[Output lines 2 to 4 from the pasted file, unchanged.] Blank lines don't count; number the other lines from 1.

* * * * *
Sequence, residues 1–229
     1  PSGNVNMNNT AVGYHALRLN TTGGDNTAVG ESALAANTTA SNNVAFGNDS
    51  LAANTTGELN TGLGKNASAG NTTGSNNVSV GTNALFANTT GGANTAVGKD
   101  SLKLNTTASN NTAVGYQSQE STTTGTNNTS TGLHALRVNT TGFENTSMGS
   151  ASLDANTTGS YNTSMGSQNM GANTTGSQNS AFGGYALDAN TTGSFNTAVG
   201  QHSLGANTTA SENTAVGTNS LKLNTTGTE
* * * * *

     1  PSGNVNMNNT AVGYHALRLN TTGGDNTAVG ESALAANTTA SNNVAFGNDS
    51  LAANTTGELN TGLGKNASAG NTTGSNNVSV GTNALFANTT GGANTAVGKD
   101  SLKLNTTASN NTAVGYQSQE STTTGTNNTS TGLHALRVNT TGFENTSMGS